Two of my ancestors were ministers.

Nathan H. O. Polly, my four times great-grandfather, was a circuit rider. He was born 27 June 1820 in Kentucky and died 2 November 1902 in Rockwall County, Texas. He was 82 years old.

He was part of the evangelical movement of Churches of Christ or Disciples of Christ. According to his obituary, he baptized about 3000 people and preached for 50 years all over northern Texas.

I found articles about Brother NHO Polly in several newspapers, such as The Christian Messenger. In the 1880s his health was failing and he had cut back on the preaching.


Ebenezer Loveless, my two times great-grandfather, was a Baptist minister in Faulkner County, Arkansas. His ministry was more part-time. He was always listed in census records as a farmer.

To the right, he is shown in the Cadron River with those who have been baptized.


Copyright © 2018 by Lisa Suzanne Gorrell, Mam-ma's Southern Family

Saturday, May 12, 2018

52 Ancestors in 52 Weeks – Week 19: Mother’s Day

I am working on this year-long prompt, hosted by Amy Johnson Crow. I will write each week in one of my two blogs, either Mam-ma’s Southern Family or at My Trails Into the Past. I’m looking forward to writing about my children’s ancestors in new and exciting ways.

I searched for photos of Mother’s Day with my mother or with my own children and couldn’t find any. Instead, I’m sharing instead some multi-generational photos I found.

This is a four-generation photo taken at Christmas 1988. My grandmother, Pansy Louise Lancaster Johnston (age 75); my mother, Lela Nell Johnston Hork (age 54); myself, Lisa Suzanne Hork Gorrell (age 34);and my daughter, Elizabeth Ann Gorrell (age 1 month).


 A three-generation photo taken in Los Angeles, 1923. My great-grandmother, Julia Ann Sievert Hork (age 69); my grandmother, Anna Marie Sullivan Hork (age 31); and my aunt, Lorene Ethel Hork (age 5 or 6 months).


 Another three-generation photo taken in Stephenville, Texas, about 1935. Left to right: my great-grandmother, Lela Ann Loveless Lancaster (age 39); great-grandfather, George Warren Lancaster; my grand-uncle Wayne Lancaster; my mother, Lela Nell Johnston (age about 6 months); and my grandmother, Pansy Louise Lancaster Johnston (age 22).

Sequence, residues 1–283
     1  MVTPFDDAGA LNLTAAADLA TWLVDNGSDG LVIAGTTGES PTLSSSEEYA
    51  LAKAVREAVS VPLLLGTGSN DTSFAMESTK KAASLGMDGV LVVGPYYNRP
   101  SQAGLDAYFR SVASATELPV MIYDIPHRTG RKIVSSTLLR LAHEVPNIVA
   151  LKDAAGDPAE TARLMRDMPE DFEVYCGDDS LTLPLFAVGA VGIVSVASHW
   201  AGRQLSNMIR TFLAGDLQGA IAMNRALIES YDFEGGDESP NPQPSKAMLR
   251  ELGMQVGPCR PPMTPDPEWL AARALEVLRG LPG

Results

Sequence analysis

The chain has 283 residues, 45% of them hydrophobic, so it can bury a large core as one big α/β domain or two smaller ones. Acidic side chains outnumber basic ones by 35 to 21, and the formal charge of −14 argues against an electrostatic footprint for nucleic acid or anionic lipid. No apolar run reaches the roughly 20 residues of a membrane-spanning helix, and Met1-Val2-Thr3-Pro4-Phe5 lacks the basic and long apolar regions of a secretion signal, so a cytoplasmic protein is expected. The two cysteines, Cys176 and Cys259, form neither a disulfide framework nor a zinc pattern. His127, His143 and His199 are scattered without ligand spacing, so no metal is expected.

A lot of wonderful mothers in these photos.

Copyright © 2018 by Lisa Suzanne Gorrell, Mam-ma's Southern Family

Thursday, May 3, 2018

52 Ancestors in 52 Weeks – Week 18: Close-up of the Jones & Johnston Family in Comanche Co, Texas

I am working on this year-long prompt, hosted by Amy Johnson Crow. I will write each week in one of my two blogs, either Mam-ma’s Southern Family or at My Trails Into the Past. I’m looking forward to writing about my children’s ancestors in new and exciting ways.

When we first find our ancestors in a census record, we tend to just focus on that one family on the page. We carefully record the head of household, his wife, and children into our genealogy program or into a word processing document. There might be others in the household such as one of the parents or in-laws, or perhaps a sibling or servant.

It is a good practice to at least look at the census entries before and after the targeted family. I try to look a page or two before and after the family and record the head of household’s first and last names. At first glance, we may not know whether any of these people are kin, especially if they are not of the same surname.

I have a family on a page in Comanche County, Texas, where nearly everyone on the page were kin.[1] But I didn’t know this at first glance because I was focused on my family, listed as M. Reubin Johnston. Next door was J. Marian Johnston, a likely brother and in his household, Elizabeth Johnston, their likely mother.


However, above Marion was Henry Wright and Mary Wright, his wife. 


And above him was George Knox and Bettie Knox, his wife. In his household were several Joneses: Amanda Jones, his mother-in-law and two sisters-in-law, Laura and Mattie Jones



And above George was Thomas W. Jones.



Below Reubin was James McDonald and Sarah McDonald, his wife.


  
What was common with all of the wives of these men was their birthplace of Mississippi. Every woman except Sarah were sisters. They were the daughters of Amanda Jones and the sister to Thomas W. Jones. Sarah was the sister of Reuben and Marion Johnston.

In this close proximity were seven families living next door to each other who were interrelated. The common thread was the family of Reuben's wife, Olivia: her mother, Amanda Jones and her siblings.This is a real close-up of a tight knit family.




[1] 1880 U.S. census, Comanche Co, Texas, ED 30, p 95a, fam 173, M. Reubin Johnston, digital image, Ancestry (http://www.ancestry.com), citing NARA T9, roll 1297.

Copyright © 2018 by Lisa Suzanne Gorrell, Mam-ma's Southern Family

Saturday, April 14, 2018

52 Ancestors in 52 Weeks – Week 15: Taxes–Evidence Found About Samuel Johnston--MSF


I am working on this year-long prompt, hosted by Amy Johnson Crow. I will write each week in one of my two blogs, either Mam-ma’s Southern Family or at My Trails Into the Past. I’m looking forward to writing about my children’s ancestors in new and exciting ways.